Brent Haddock 

Knowing your audience at an art festival is a key factor in determining your success. I try to find festival’s where the audience is there to celebrate the arts and not so much into the party scene.

The neighbor booth at one festival last summer, sold completely out of everything during the first day of the festival. I figure he sold $20,000 worth of art in just a few hours! He sat in a chair at an empty table for the remaining two days, handing out business cards! He clearly had done his research had artwork priced correctly and a product that everybody found interesting. People were lined up to buy his stuff, it was truly amazing.

Additionally, I think it is important to make your booth look professional and gallery-like. Don’t hang everything you have ever produced in your booth, be selective and choose pieces that will draw people in. When possible, demonstrating your art process in the booth always gets attention. I found that it is better to keep your business cards behind the table and hand them out only when someone needs the information. Too often customers will take a business card and say, I’ll be looking at your website and get back to you. Unfortunately, they don’t.

Bob Estrin

A few days ago I put up an article meant to give artists information on how to prepare and sell at small art shows based on some of my experiences. You can read it at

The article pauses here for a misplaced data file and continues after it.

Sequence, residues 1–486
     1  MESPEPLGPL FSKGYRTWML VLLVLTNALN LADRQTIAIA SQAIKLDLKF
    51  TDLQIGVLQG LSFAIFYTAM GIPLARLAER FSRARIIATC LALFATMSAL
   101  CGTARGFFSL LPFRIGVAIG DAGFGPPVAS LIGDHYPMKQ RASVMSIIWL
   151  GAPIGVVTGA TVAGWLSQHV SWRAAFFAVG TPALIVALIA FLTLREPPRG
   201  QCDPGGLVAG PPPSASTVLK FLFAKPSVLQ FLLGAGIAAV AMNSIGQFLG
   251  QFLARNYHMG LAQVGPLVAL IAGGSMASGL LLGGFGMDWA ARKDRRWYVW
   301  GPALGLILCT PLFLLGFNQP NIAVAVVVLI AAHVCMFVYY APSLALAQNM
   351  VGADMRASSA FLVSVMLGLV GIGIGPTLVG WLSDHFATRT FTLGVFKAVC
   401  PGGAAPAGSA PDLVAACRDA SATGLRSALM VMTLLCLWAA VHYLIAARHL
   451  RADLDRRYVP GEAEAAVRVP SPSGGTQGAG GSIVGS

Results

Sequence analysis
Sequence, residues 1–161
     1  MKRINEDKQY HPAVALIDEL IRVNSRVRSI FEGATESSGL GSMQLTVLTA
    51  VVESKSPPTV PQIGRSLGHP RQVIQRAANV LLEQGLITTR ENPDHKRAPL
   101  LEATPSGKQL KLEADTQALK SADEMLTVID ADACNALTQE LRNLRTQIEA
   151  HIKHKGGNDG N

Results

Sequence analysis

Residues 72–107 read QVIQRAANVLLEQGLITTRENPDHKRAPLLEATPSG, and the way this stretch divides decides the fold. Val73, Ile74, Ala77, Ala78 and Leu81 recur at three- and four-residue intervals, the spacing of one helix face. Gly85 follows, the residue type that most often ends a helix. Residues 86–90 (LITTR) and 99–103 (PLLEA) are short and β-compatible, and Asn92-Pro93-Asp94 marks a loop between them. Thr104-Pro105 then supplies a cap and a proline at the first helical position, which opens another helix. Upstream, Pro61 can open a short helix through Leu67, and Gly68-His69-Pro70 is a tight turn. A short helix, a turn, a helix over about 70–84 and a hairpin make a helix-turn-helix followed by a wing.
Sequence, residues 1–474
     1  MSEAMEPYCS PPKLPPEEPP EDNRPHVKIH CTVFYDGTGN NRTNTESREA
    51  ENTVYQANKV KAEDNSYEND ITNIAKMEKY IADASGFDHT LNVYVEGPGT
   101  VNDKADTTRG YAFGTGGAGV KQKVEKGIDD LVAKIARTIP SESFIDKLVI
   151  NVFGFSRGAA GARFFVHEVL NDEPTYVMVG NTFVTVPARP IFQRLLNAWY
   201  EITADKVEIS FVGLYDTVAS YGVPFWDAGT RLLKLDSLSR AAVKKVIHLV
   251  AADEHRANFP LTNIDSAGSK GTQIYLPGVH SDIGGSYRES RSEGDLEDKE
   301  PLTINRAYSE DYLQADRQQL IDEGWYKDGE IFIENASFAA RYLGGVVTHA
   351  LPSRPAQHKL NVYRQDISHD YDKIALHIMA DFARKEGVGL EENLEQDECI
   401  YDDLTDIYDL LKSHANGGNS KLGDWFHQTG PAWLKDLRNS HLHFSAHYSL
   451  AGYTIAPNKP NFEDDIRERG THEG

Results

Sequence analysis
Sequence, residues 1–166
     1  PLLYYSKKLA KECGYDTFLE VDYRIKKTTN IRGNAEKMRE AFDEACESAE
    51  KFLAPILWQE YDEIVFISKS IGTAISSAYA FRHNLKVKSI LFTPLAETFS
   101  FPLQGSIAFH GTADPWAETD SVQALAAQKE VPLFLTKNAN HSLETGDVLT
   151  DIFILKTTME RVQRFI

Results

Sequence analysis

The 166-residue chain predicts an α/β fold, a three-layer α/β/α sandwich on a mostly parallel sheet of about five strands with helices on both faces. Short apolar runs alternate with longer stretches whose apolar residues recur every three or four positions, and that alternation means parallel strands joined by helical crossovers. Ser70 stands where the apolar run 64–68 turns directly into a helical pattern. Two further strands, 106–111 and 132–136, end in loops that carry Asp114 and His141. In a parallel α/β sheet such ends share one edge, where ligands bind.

Jo Ann Nelson 

Be there! Be positive and interact with people who view your work. If you sell the artist, you will sell the work. Of course do the research about the type of show, and choose wisely.


Phyllis Terrell 

One valuable thing I learned in applying for an art show is that your artwork might be rejected from one show but actually win an award at another show.


Janet Glatz 

As a veteran art festival attendee/artist, I have found that looking and sounding as professional as possible is a must at any mid-to high end show. It is so easy for buyers to look down their noses at a display that screams: “I don’t know what I’m doing!” Be tasteful–be neat–don’t overcrowd your booth, or attend a show when you have only five things to display (unless they are huge). Dress well. Smell good, but not overpowering. Don’t eat while at your booth. Otherwise, smile and enjoy the people and the experience. I love art festivals!


Peggy Martinez 

I started at smaller events, luckily I took pictures of my booth because when I applied for larger events they requested images of your booth setup. Here are my recommendations;

*I go with my husband and young daughter, we’re a small family and don’t always have a sitter for her. We work together, setting up, taking down and established a rule that only one person at a time in the booth and no eating inside the booth.

* When I setup, I step out of the booth to check the key areas where people will first see my booth and hang my best work there.

* Listen to the comments, you can learn alot from it, my first year someone came in and said “Oh the pink lady!”, this was huge feedback that I needed to expand my color palette. Since then I’ve created series of works with exciting new colors.

* At the end of the day, we analyze what went well, what didn’t and adjust.

* If possible, try to get the same spot every year, people that follow you will look for you there.

* Be freindly, have a positive attitude and it’s OK not to give your artwork away!

* I don’t sell notecards because people will look for the least expensive item.

* Have a sense of humor, no matter how tired, sick, frustrated or hot you are, customers will pick it up quickly, first impression is everything!

* My last show I had a cast on my leg, it was a good icebreaker…so, good luck and break a leg!


Linda McCoy 

Most people are gracious and complimentary, but be ready to roll with a few punches…..
“Is that the price or an inventory control number”